My mother, as the fourth daughter in her family was named after a great, great grandfather’s third wife, while my father – whose older brother was named after his father and paternal grandfather – seems to have had his first name chosen from outside the family (after a popular film star of the time perhaps?) He does however, have two middle names – one from each side of his family.

In my generation, I’m named for my paternal grandmother, while each of my brothers was given a first name my parents liked and a family-related middle name.

My only child was born before my obsession with family history, but even back then, I knew I wanted his name to locate him within both sides of the family. We agreed he’d have his father’s surname and that we wouldn’t lumber him with a name we didn’t like just for “family” reasons, but the boy-child has ended up with both first and middle names that have a very long pedigree in virtually every branch of my family.

My recent research into my Elder family has thrown up a very long and virtually unbroken line of Thomas Elders – stretching back to the early years of the eighteenth century (and almost certainly beyond that).

This is the farthest back I’ve traced any part of my family, and while I’ve come to a dead-end with the Elders, I have managed to trace the earliest Thomas’s wife back another generation – ironically to another Thomas.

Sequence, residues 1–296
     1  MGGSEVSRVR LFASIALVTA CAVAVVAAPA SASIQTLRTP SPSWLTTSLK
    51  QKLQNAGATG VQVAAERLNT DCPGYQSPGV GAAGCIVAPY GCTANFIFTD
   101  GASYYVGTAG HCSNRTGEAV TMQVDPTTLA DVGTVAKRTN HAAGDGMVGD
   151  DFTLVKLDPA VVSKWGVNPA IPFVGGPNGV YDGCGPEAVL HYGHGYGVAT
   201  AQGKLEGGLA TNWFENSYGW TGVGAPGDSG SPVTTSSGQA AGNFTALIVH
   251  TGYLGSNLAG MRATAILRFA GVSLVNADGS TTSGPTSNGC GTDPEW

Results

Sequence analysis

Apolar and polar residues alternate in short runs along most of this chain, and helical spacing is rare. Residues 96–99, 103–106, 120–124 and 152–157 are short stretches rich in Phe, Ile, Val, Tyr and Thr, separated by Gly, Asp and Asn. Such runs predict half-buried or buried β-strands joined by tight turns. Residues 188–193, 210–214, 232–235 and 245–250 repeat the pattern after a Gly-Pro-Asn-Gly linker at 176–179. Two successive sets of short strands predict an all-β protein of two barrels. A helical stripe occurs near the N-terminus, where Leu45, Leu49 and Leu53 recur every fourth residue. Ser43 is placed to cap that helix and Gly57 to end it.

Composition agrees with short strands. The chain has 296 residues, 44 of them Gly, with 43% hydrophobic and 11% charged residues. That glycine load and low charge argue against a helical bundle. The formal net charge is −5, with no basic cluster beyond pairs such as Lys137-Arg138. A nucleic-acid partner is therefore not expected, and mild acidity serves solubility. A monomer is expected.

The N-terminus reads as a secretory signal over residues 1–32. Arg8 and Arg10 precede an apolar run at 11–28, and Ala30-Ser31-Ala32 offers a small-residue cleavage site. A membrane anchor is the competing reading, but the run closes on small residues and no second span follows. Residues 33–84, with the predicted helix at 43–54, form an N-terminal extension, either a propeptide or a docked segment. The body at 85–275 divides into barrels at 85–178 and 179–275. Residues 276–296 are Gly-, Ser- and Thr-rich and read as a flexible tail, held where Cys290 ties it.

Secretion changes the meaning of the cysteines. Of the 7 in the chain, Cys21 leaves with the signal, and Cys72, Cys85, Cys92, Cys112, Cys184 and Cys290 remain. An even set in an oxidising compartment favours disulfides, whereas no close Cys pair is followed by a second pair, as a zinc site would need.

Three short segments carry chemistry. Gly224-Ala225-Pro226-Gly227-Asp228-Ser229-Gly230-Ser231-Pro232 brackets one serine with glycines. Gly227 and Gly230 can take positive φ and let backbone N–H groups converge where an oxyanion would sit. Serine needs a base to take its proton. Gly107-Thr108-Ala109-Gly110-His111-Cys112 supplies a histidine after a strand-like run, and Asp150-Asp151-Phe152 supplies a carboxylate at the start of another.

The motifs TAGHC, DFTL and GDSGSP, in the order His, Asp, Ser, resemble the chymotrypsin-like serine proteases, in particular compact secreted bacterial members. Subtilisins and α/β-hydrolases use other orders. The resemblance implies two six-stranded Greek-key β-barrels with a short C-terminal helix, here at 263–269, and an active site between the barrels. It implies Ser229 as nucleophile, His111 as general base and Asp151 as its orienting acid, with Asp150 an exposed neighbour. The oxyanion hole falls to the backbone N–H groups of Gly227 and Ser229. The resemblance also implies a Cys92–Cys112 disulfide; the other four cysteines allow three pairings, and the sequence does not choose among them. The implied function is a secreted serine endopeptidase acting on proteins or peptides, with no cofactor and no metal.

Marriage record, Thomas Thomson and Cecil Sibbald, 17 May 1694 in the parish of Kennoway, Fife. Source: Scotland's People.

Marriage record, Thomas Thomson and Cecil Sibbald, 17 May 1694 in the parish of Kennoway, Fife. Source: Scotland’s People.

Thomas Thomson and Cecil Sibbald – my 7x great grandparents – were married on 13 May 1694, in Kennoway, Fife. To put that in perspective; in 1694 Scotland was still a sovereign nation – albeit one that shared a monarch with England. It wasn’t until 1707 that the Acts of Union were passed, combining Scotland and England (and Wales) into an entity called Great Britain. This was later changed to ‘The United Kingdom of Great Britain and Ireland’ – or the UK as we now call it.

This year of course Scotland is having a referendum on whether to leave the UK. If this is successful, my son’s Scottish cousins may be the first generation of the family to marry within an independent Scotland since their 8x great grandparents 320 years ago.

Our names are central to our identity. The Scottish practice of naming children for family members means that for many of us, part of our identity is our place in a long history of men and women who lived, worked, raised children, laughed, sang, told stories, and dreamed of a brighter future for their kids.

But it’s not just our personal names that identify us. The name of our homeland can also be an important statement about who we are. I grew up calling myself “Scottish” even though – or perhaps because – I lived half a world away. I am a New Zealand citizen these days, but I think of myself as “British” or “Scottish” – pretty much interchangeably – rather than “Kiwi.” I’m too far away from the debate to know what the feeling is amongst Scots in Scotland. Will the majority choose to re-name themselves in a political sense – or continue to call themselves “Brits.”

Come the 18th September, I guess we’ll know.

This post was written for the Daily Post Weekly Writing Challenge.